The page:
Tuesday, July 14, 2009

Walmart and Sustainabilty: Strange Bedfellows or a Powerful Partnership?

Interested in knowing the impact of your purchases? A "sustainability index" may be coming soon to a store near you. Who's leading the way? Walmart?

That's right. This Thursday, Walmart is planning to unveil its plan for such an index at a meeting with suppliers, academics, environmentalists, and government officials. Consumer good companies from Unilever to General Mills are planning to attend and learn about the sustainability consortium idea from Walmart. The inclusion of other retailers is especially significant because Walmart apparently wants the idea to reach beyond its own stores: in other words, it wants to initiate but not be the sole user of the index/consortium.

The impact of such an index would be incredibly far-reaching. Walmart collected about $406 billion in revenue last year and has major leverage in the consumer goods world. As shown in Food, Inc., when Walmart decided to sell Stonyfield yogurt, the impact of Stonyfield's ethical practices increased drastically, and Walmart also recently decided not to sell dairy from cows treated with rBST growth hormones. When Walmart sets a standard, retailers need to follow if they want to sell, and if Walmart wants its sustainability index, retailers will have no choice but to search through their supply chains to find the data.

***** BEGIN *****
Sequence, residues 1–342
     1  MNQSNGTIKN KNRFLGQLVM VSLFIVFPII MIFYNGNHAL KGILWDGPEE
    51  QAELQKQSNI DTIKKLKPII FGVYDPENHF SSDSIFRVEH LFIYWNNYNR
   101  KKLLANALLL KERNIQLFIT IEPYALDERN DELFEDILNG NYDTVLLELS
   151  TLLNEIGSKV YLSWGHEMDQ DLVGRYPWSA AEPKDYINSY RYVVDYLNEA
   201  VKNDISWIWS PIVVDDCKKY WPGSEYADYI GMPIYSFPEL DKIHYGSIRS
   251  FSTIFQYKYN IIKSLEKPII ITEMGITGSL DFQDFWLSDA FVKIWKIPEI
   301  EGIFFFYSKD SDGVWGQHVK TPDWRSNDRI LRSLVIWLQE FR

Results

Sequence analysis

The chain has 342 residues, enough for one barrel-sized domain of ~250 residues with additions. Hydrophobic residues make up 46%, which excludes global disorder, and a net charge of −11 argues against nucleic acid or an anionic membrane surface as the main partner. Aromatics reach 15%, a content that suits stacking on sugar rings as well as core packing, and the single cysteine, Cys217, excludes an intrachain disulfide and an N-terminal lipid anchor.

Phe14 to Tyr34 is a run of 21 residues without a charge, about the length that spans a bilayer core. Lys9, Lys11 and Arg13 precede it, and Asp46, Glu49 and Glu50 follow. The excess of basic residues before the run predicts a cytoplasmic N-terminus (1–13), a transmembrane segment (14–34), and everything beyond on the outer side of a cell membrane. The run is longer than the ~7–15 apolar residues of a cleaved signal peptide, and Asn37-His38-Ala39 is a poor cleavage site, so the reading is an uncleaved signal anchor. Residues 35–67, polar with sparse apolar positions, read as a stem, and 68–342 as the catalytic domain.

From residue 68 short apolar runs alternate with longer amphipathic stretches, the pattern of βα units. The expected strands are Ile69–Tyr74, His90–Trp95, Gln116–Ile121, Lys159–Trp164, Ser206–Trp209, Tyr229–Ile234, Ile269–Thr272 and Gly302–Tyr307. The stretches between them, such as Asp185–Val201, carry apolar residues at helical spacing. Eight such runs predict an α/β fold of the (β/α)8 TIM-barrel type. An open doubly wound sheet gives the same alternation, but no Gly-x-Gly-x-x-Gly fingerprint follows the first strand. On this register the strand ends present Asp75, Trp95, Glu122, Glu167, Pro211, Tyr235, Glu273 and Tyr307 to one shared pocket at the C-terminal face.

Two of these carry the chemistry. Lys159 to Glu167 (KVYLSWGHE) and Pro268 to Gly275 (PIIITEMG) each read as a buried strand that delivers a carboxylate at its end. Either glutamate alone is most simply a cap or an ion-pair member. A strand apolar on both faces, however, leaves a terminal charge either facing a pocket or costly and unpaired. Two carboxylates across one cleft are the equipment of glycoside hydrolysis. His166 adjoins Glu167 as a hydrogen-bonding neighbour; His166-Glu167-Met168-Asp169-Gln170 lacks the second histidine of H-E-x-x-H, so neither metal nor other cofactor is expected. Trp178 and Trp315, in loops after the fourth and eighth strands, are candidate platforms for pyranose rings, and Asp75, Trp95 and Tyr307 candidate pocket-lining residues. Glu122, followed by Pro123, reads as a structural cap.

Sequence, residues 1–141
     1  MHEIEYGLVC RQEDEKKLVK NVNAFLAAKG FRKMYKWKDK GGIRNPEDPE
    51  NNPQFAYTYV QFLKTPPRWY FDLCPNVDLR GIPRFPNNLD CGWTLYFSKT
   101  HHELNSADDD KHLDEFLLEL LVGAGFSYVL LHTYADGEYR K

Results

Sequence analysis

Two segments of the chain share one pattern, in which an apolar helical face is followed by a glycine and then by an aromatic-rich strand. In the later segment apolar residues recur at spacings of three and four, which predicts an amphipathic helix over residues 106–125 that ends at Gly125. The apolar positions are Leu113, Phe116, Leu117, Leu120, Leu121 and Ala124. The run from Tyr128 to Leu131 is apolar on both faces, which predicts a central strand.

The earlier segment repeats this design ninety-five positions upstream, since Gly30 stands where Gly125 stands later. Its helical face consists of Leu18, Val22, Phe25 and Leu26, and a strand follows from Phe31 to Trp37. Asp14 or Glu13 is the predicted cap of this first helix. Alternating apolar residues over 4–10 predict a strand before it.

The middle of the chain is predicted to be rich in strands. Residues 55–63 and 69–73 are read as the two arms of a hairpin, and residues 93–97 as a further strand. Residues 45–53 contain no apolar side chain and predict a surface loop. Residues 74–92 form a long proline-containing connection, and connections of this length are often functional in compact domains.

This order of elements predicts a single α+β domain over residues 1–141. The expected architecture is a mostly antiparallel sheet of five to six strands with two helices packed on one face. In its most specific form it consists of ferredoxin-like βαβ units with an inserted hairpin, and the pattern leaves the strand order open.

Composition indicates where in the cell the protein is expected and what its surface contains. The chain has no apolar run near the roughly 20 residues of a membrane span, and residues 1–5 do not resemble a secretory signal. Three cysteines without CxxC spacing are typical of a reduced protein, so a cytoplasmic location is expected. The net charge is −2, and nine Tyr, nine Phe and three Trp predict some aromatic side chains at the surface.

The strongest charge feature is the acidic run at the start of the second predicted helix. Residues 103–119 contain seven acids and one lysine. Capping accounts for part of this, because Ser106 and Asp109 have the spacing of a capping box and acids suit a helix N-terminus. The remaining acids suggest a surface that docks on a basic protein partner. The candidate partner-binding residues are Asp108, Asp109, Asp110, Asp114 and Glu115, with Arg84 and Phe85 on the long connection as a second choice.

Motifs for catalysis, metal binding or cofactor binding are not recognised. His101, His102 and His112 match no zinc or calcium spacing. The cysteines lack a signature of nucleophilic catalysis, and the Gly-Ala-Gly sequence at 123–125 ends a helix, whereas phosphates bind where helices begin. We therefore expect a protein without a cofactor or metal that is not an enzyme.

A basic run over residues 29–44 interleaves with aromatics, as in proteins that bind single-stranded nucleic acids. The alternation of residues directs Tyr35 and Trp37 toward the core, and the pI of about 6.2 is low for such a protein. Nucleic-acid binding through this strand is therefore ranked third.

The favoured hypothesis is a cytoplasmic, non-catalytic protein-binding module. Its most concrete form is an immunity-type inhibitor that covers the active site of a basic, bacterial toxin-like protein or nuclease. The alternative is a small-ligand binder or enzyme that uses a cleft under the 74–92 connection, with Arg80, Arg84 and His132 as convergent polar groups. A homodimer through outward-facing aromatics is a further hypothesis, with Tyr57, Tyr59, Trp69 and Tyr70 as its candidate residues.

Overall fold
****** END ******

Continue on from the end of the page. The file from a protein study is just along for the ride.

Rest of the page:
For more info on Walmart and rBST, you can read more here: http://www.thedailygreen.com/environmental-news/latest/milk-hormones-rbst-47032108.

For info on Walmart and CFLs, go here: http://www.treehugger.com/files/2006/08/walmart_to_sell.php.

So, eco-active Hoyas or other folks out there who are "turned on" by renewable energy, what are your thoughts on this? Can Walmart be a leader in sustainability?

Photo is Walmart's standard logo.

1 comment:

  1. honestly, i'm not surprised at all. walmart is not only able to be a leader in sustainability; it MUST be.

    the whole premise behind walmart is affordability, which appeals to the masses. inherently, they operate on a low-margin, high-volume model.

    but if you look at it from their point of view, it's not really being "environmentally friendly," it's about keeping ahead. BECAUSE they operate on a low-margin, high-volume model (think mass production), anyone with the ability to make an environmentally friendly product that is cheaper than the other options out there will make a killing. (luckily for walmart, they are the best at this- for now!)